Bengaluru: India can look forward to the moon to fulfil its energy requirements, to go by the words of ISRO scientist.Sivathanu Pillai, a distinguished professor at the ISRO, said with conviction on Saturday the country would meet its energy requirements by 2030 through Helium-3 mined from the moon.
“By 2030, this process target will be met,” Mr Pillai said while delivering the valedictory address at the three-day Observer Research Foundation (ORF)-Kalpana Chawla Space Policy Dialogue, organised by ORF. Mr Pillai, a former chief of BrahMos Aerospace, said mining lunar dust, which is rich in Helium-3, was a priority programme for the ISRO.
He said other countries were also working on the project and there was enough helium on the moon, which can meet the energy requirements of the whole world, read an ORF statement.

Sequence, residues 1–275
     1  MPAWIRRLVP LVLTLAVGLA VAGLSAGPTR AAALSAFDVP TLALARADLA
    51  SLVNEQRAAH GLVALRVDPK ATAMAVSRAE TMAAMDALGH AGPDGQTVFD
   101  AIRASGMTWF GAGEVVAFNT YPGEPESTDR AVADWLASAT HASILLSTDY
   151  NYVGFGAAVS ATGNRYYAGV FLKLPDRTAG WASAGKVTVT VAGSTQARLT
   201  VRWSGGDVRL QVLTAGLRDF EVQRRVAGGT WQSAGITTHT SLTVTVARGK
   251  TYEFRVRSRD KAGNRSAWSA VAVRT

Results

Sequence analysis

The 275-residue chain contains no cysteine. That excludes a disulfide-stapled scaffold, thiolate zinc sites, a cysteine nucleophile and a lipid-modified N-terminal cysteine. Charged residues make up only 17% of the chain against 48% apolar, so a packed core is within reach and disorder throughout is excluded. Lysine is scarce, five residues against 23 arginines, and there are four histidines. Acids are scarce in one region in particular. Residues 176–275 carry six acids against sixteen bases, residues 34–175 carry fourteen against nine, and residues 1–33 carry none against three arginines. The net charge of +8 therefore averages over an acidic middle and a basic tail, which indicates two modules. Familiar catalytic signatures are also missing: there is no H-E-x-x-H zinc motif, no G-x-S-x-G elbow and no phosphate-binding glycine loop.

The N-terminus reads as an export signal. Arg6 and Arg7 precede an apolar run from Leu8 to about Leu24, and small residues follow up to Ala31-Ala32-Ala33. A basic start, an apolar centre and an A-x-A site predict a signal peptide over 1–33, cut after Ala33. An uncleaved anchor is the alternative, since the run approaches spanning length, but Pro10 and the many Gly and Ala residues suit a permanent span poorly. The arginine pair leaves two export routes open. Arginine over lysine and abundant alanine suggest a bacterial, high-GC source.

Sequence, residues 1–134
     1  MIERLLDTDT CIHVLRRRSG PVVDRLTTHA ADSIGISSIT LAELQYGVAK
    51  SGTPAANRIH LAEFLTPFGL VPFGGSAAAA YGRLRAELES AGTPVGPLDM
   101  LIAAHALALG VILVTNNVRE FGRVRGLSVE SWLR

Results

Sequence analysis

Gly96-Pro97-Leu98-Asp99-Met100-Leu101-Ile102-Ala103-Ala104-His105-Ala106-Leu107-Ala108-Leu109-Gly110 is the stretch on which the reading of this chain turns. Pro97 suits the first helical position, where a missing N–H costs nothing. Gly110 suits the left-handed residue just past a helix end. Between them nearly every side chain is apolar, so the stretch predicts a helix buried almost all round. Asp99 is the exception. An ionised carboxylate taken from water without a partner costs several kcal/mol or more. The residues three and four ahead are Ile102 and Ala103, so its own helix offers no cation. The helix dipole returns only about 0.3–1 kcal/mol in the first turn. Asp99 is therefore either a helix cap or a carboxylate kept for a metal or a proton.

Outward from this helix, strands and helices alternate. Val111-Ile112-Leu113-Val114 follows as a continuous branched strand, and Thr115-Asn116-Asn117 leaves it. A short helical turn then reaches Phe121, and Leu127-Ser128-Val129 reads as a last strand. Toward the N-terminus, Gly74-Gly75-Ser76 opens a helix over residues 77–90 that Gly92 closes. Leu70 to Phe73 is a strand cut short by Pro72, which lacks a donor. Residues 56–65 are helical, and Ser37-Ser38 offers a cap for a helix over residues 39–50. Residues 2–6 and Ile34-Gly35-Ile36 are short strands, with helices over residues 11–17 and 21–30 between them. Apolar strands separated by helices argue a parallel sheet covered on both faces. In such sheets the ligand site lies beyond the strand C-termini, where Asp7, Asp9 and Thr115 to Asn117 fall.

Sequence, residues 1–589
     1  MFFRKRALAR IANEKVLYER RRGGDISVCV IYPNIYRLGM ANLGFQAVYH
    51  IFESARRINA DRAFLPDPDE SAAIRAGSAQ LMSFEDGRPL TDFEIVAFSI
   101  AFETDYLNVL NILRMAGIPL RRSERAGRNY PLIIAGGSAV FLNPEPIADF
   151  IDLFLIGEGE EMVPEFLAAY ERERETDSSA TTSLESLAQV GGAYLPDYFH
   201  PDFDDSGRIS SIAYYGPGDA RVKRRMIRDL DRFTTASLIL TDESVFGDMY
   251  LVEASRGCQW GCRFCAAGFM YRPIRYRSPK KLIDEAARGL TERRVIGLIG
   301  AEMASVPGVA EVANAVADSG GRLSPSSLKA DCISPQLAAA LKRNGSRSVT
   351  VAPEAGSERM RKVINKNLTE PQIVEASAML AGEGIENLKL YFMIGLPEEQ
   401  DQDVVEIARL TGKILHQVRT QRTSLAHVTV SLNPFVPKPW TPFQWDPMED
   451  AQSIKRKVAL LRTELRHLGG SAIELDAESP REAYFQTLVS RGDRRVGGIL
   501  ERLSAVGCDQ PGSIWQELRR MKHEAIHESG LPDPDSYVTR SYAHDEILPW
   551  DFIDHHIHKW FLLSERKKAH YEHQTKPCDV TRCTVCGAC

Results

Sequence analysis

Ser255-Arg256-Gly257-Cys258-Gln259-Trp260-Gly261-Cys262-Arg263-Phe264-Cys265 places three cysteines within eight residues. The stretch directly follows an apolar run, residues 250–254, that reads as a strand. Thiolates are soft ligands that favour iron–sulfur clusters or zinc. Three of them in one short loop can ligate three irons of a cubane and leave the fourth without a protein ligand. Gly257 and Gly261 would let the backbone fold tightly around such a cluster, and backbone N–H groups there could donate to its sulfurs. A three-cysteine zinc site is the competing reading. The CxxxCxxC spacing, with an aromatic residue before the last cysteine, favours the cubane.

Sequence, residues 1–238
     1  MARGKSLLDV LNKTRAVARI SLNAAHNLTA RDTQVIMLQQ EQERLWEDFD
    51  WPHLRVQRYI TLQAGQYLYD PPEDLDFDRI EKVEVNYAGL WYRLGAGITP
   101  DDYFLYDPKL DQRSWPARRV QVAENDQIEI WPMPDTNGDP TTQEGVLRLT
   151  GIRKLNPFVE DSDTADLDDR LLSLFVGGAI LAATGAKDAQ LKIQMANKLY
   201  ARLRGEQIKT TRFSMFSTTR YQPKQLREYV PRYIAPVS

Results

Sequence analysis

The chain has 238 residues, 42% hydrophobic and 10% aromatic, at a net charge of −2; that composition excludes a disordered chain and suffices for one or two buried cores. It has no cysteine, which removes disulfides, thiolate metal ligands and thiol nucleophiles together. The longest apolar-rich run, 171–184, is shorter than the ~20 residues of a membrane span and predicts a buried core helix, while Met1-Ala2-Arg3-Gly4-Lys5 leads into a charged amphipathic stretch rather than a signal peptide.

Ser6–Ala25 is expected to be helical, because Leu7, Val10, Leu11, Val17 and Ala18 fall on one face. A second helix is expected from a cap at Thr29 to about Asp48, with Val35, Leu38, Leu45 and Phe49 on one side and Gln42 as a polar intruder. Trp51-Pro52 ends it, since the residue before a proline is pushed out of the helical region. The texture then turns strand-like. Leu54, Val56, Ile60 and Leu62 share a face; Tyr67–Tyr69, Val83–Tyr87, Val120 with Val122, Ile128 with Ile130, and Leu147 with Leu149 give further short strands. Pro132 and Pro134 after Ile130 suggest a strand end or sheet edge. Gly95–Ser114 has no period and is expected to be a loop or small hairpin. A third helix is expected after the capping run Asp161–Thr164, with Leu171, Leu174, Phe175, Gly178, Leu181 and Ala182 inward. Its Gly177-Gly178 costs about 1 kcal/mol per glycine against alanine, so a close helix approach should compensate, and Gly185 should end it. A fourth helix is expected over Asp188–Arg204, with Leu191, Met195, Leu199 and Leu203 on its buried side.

“In a few decades, people will be going to the moon for honey-moon,” he quipped. Lt Gen P M Bali, Director General, Perspective Planning, Indian Army, said the launch of GSAT-7, India’s first dedicated military satellite, is a testimony to the country’s outlook towards using the outer space for the national security.
He noted that India possesses one of the largest constellations of communication and remote sensing satellites, covering Asia Pacific. Lt. Gen. Bali added that although India continued with a civilian orientation to its space programme, the changing regional and global realities required it to develop military assets in space and on ground as an emerging regional and global power.
He said there was a need for a dedicated military space programme with adequate resources at its disposal because of, “the changing realities in our neighbourhood